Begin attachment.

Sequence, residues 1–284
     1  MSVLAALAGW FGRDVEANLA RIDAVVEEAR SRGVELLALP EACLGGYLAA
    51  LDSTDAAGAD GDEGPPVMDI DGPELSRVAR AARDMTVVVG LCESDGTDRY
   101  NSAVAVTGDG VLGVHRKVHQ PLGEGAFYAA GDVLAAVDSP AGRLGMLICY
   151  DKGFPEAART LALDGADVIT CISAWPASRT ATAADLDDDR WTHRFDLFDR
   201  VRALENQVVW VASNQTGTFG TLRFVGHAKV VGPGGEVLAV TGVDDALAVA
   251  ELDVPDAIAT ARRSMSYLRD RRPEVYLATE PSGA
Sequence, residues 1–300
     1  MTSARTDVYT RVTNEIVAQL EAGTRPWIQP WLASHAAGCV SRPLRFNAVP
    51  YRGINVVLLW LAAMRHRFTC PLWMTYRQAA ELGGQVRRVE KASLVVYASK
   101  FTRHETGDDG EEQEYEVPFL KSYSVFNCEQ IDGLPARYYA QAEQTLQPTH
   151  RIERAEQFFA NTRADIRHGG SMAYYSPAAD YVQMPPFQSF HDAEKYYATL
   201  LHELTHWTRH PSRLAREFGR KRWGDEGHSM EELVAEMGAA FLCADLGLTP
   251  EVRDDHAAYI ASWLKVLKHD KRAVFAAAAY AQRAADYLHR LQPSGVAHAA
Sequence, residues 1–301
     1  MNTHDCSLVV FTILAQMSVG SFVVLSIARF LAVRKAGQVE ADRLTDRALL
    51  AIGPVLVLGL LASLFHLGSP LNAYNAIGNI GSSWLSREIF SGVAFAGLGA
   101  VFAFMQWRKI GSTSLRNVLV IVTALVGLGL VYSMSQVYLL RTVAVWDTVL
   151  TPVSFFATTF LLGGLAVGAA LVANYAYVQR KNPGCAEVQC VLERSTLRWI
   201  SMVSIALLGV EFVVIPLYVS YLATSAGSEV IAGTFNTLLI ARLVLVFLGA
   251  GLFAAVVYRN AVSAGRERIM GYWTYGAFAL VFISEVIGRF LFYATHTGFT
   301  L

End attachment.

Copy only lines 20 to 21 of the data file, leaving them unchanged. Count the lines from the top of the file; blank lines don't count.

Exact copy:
   201  SMVSIALLGV EFVVIPLYVS YLATSAGSEV IAGTFNTLLI ARLVLVFLGA
   251  GLFAAVVYRN AVSAGRERIM GYWTYGAFAL VFISEVIGRF LFYATHTGFT